Ahead of a meeting of the 27 remaining European Union nations in Brussels on Saturday, Chancellor Angela Merkel briefed the German parliament, the Bundestag, about Germany’s strategy vis-a-vis Brexit. But at least in part her message was aimed across the English Channel.
The chancellor warned London not to expect a deal that would privilege the UK.
“A third-party state cannot enjoy the same advantages or be better positioned than an EU member state,” Merkel said. “I have the feeling that some people in Britain maintain illusions in this regard. They’re wasting their time.”
That line drew applause from members of the Bundestag. Merkel reiterated that negotiators would have to resolve the details of Britain’s exit from the EU, including financial obligations that could extend beyond Britain’s departure, before any deals could be struck about a future English-EU relationship.
“These steps must happen in that order,” Merkel said. “Our goal is to get the best deal for Europe and its citizens.”
Merkel added that negotiations could only commence in earnest after the United Kingdom’s parliamentary election on June 8.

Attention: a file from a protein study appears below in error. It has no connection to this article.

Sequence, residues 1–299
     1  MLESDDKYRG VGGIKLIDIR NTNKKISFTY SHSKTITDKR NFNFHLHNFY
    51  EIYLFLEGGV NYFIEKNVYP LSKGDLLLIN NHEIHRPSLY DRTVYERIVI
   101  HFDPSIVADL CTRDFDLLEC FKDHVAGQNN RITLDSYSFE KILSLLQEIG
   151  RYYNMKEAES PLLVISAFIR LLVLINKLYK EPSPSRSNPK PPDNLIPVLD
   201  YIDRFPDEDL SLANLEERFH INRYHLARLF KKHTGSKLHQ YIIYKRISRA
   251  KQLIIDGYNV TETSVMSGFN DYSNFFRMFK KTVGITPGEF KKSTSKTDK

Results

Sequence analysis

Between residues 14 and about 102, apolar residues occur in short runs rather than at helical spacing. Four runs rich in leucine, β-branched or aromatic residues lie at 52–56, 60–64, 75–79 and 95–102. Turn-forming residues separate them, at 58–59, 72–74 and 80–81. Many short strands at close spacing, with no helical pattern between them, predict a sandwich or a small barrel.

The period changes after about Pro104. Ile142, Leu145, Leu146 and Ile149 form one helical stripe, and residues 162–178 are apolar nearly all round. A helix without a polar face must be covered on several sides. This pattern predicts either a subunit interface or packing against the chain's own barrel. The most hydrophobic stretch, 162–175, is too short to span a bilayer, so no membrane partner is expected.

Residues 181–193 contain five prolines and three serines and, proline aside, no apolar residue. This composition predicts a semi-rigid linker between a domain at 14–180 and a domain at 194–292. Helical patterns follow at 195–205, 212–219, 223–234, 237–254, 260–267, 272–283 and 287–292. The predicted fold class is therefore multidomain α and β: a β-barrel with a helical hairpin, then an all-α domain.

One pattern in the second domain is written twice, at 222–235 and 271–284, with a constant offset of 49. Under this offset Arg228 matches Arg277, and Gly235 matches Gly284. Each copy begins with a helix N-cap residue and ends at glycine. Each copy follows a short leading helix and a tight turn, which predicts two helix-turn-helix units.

It’s unclear how the EU will trade with a post-Brexit UK
Expats high on the agenda
Not all of Merkel’s remarks focused on the potential conflicts of interest between the EU and the UK. The chancellor also said that Germany and the EU had an interest in a strong and prosperous Britain.
She said one of her priorities was to clear up the future status of the approximately 100,000 German citizens permanently living in Britain. In return, Germany and the EU were prepared to offer British expatriates in the bloc a “fair deal.”
Merkel also expressed confidence that the EU and post-Brexit Britain shared interests in businesses being able to sell their products to the other and fighting against terrorism and organized crime.
At the same time, the EU showed a high degree of solidarity in the wake of the British referendum in June 2016, in which a slight majority of UK voters supported the Brexit, Merkel added. Specifically naming Ireland, she said that it was a sign of European strength that none of the individual EU-27 states had engaged in “preliminary negotiations” with London.